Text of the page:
Breckenridge’s newest workforce apartment complex nears completion

County, Breckenridge town officials and project developers raised their glasses in a toast to the new, affordable apartment complex.
Elise Reuter / |

The finishing touches — fresh paint and carpet — are going into Breckenridge’s most recent affordable housing venture. Pinewood Village II will have a few similarities with its predecessor, but will focus on one-bedroom and studio apartments, appealing to a slightly younger demographic.

“This hits one of the bigger groups in terms of that critical need,” Summit County Commissioner Thomas Davidson said.

According to a 2013 housing needs study, in the Upper Blue River Basin alone, between 200 and 370 rental units would be needed by 2017, in addition to 280 ownership units. The 45 units will all be restricted to residents earning 60 percent of the annual median income (AMI) or lower.

“We thought it would be a good opportunity for people to get out of crowded roommate situations, and have their own place. Maybe their first own place,” Breckenridge planner Laurie Best said. “It will certainly help a segment of the workforce.”

While the apartments are set to open as early as July, with applications accepted starting in early May, it has been long in the making.

Eric Komppa, vice president of investments for Corum Real Estate and one of the developers of the project, estimated they started work on the project 15 years ago, a few years after Pinewood Village Apartments were completed in 1997.

“The town was getting land from the Forest Service,” he recalled. “This is what we were able to pull in.”

Best described the 2.9-acre parcel at 837 Airport Road as a “funny little enclave,” which the town obtained from the Forest Service through a land exchange in 2012. While other environmentally sensitive parcels were exchanged as open space, the future location of Pinewood II was the exception, and was marked as a good location for workforce housing with close access to public transit. With the assistance of federal low-income housing tax credits, the town was able to gain assistance in funding the project, estimated at $10 million.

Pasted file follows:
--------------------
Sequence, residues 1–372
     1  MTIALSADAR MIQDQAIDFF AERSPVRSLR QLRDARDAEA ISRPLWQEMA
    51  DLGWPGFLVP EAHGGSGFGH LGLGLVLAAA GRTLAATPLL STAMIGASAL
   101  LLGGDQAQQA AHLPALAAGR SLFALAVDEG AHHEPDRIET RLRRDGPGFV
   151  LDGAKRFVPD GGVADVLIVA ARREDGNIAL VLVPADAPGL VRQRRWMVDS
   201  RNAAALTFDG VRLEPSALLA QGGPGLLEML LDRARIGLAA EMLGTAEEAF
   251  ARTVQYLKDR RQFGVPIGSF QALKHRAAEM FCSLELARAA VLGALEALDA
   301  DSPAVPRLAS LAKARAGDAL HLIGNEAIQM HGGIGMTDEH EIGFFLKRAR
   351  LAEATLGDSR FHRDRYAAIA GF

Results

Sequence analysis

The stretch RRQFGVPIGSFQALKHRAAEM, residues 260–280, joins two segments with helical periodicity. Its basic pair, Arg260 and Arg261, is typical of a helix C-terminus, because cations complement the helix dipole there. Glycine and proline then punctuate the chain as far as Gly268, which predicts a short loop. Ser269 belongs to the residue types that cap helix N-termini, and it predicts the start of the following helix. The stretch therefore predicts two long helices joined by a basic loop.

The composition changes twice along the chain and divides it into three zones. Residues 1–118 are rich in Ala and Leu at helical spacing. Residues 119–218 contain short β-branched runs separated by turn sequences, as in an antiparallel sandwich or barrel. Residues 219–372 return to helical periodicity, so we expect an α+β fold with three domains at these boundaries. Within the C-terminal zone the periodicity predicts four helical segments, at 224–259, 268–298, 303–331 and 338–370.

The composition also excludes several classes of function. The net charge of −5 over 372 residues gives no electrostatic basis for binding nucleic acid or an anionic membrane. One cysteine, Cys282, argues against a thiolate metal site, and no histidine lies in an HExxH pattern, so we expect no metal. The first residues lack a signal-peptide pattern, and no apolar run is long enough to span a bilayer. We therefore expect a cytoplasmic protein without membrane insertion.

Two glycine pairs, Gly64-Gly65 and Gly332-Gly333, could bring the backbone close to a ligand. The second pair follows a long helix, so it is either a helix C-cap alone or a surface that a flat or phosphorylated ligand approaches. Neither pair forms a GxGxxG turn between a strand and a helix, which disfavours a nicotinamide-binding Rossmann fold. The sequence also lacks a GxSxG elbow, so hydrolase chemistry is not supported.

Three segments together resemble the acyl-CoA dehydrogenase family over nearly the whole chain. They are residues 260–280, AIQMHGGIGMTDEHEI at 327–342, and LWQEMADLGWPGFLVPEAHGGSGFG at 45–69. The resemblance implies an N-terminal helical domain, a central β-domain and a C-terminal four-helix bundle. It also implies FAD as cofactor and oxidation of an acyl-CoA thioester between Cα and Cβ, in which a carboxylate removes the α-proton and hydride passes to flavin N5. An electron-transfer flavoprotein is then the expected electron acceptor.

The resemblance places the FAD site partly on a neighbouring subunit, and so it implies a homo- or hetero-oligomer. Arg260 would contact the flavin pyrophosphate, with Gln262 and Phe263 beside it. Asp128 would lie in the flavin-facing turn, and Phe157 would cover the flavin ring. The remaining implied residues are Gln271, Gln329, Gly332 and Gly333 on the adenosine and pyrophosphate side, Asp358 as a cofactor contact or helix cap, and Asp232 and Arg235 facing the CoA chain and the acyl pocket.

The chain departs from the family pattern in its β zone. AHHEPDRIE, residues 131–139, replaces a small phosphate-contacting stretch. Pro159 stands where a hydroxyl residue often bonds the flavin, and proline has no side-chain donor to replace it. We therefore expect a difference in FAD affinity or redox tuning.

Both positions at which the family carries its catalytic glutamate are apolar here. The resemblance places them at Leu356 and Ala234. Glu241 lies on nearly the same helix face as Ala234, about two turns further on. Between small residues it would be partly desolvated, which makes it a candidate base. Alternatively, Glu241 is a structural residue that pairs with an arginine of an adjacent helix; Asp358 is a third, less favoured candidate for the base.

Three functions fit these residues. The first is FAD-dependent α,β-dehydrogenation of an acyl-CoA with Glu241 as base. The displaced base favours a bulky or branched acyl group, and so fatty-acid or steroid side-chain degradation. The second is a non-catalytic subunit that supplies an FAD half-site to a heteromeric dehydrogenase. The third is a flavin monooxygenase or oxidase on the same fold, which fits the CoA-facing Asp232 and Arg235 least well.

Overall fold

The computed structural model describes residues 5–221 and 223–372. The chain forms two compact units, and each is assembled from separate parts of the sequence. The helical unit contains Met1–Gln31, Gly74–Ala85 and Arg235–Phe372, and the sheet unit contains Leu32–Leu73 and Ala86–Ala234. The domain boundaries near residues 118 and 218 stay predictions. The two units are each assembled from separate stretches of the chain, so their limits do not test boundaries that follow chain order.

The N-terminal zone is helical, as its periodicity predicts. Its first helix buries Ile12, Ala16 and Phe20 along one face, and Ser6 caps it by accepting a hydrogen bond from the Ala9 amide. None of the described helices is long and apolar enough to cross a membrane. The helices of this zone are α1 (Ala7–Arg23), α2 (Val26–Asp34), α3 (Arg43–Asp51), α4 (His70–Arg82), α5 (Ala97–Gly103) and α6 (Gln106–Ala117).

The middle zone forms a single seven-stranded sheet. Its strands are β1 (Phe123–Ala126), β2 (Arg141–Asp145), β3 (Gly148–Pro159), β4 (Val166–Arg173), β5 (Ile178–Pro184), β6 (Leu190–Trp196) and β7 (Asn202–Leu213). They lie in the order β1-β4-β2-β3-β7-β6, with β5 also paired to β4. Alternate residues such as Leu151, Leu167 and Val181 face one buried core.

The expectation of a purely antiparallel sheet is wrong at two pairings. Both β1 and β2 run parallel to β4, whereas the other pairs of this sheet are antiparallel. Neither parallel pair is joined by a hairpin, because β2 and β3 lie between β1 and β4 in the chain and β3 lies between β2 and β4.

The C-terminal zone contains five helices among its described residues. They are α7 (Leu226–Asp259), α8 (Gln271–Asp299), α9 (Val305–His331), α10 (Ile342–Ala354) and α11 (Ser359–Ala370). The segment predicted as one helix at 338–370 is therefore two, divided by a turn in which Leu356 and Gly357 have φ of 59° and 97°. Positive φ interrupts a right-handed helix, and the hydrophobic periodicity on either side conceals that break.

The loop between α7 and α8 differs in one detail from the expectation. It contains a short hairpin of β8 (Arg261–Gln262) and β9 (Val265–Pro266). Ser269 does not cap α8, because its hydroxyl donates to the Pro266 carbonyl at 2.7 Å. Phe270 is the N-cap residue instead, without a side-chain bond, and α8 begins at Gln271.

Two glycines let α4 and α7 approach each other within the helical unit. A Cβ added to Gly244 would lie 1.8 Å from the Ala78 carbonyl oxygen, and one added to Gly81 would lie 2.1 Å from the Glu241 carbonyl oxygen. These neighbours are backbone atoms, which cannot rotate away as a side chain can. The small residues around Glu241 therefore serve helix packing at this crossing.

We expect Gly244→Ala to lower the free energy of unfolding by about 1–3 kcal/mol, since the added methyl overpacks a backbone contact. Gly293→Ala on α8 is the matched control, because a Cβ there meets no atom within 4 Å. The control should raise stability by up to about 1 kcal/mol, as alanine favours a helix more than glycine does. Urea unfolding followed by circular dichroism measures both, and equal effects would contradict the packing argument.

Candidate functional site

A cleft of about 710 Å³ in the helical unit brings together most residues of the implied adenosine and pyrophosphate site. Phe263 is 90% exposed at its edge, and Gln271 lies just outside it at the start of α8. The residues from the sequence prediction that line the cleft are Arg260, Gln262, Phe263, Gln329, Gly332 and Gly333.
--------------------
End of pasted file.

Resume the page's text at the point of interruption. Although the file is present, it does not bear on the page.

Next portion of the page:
“That was critical to the financing of this,” Best added.

Tuesday’s tour of the complex showed that the models feature two different one-bedroom layouts, and a studio, each equipped with a washer and dryer in-unit, a storage cabinet located in the hallway, a walk-in closet, balconies or patios and an electric kitchen.

“It’s ahead of schedule and on budget,” said co-developer Tim Casey of Mountain Marketing Associates, LTD. “Thanks to the town’s and county’s leadership and insight, and the desire to create a sustainable community, we’re here.”

Casey added that former town manager Tim Gagen and Mayor John Warner work hard to lead the project, acquire the needed land and negotiate the business deal for the building to be constructed.

“They made this thing happen,” he said. “I really am proud of what our community’s done.”

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